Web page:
Incomparably comparable graduation rates

For the first time ever, the U.S. Department of Education has released high school graduation rates based on a common, rigorous measure that makes it possible to compare states, and California falls into the bottom half.

Nearly a quarter of California high school students don’t graduate after four years, according to figures released yesterday for nearly every state, the District of Columbia and the Bureau of Indian Education. [Note: Data for Idaho, Kentucky, Oklahoma and Puerto Rico has not been reported.]

Each state submits its own statistics to the federal government, so California’s 76 percent graduation rate for the class of 2010-11 isn’t a surprise. State Superintendent of Public Instruction Tom Torlakson released the numbers last June.

What is new, however, is how California stacks up, and, in that regard, it’s ahead of Alaska, Louisiana and Washington, D.C., but behind Arkansas, North Dakota and Iowa, which, with an 88 percent graduation rate, is tops in the nation.

But numbers, even comparable ones, don’t always tell the whole story. For, even though the metrics are standardized, each state determines its own requirements for earning a high school diploma, and those can differ considerably in rigor.

“The rate itself can be comparable, but the meaning can be quite different,” explained Russell Rumberger, director of the California Dropout Research Project at UC Santa Barbara and author of the book Dropping Out: Why students drop out of high school and what can be done about it.

Rumberger said the figures are also “an incomplete indicator of what we want to know,” which is how many students eventually earn a diploma. The uniform measure doesn’t include students who earn a GED, students who drop out and then earn a regular diploma through a credit recovery program and students who take more than four years to graduate.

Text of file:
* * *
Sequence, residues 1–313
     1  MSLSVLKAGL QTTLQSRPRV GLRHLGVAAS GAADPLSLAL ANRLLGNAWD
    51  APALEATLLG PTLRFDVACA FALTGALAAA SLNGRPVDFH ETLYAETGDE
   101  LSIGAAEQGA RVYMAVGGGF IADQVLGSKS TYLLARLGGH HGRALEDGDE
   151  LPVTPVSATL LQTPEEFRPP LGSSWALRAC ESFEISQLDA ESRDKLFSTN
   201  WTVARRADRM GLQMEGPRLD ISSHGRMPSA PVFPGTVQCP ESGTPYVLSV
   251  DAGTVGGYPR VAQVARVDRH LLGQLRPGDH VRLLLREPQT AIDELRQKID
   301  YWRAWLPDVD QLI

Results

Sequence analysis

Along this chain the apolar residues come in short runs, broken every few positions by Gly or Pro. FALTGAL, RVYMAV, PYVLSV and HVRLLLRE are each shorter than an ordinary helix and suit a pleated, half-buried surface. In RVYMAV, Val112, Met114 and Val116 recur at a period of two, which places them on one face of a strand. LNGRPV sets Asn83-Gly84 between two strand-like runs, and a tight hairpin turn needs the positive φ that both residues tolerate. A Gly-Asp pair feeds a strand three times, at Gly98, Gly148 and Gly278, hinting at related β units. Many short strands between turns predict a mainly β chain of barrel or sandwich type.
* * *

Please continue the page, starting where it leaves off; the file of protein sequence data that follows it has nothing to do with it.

Those caveats aren’t an attempt to whitewash California’s numbers. “It’s still a lot of kids that aren’t graduating,” said Rumberger.

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3 Responses to “Incomparably comparable graduation rates”

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  1. CarolineSF on Dec 6, 2012 at 7:22 am12/6/2012 7:22 am

    • 000

    There was an oddity in that USDOE report (or maybe it should simply be called an error).

    In California, Asian students (overall, on average) are the subgroup with the highest academic achievement and a high graduation rate. Pacific Islander students, if disaggregated from Asian students, are (overall, on average) on the wrong side of the achievement gap, with quite low academic achievement and graduation rates. This is clear from disaggregated data that the California Department of Education releases annually.

    But the USDOE lumped Pacific Islander students in with Asian students and specifically — and inaccurately — reported that Pacific Islander students have a high graduation rate. Here in San Francisco, Asian students are the plurality subgroup in the school district, and we have a not-insignificant number of Pacific Islander students, whose achievement is a concern discussed in the education community. So that error stood out here as particularly glaring, yet has simply been picked up in the press without question. Just noting.

  2. ErikKengaard on Nov 28, 2012 at 5:06 pm11/28/2012 5:06 pm

    • 000

    California students 76 percent graduation rate for the class of 2010-11 isn’t a surprise. It is a great over simplification. The dropout rate for Lowell High in San Francisco is 1.6%. For Piedmont High in Alameda County, its 0.5%. For Acalanes Union High in Lafayette, its 0.6% Look them up.


    • navigio on Nov 29, 2012 at 3:28 pm11/29/2012 3:28 pm

      • 000

      By definition an average is an over simplification.

      Anyway, those schools are all 80%-90% ‘non-minority’. Two of them have zero kids with PEL less than a high school diploma. Those same two you can count the number of kids without a college-educated parent on one hand (total of the two schools, not each). Same two have F&R rates under 3% (one 0%). All have ELL rates under 4%.

      Over simplification is right.

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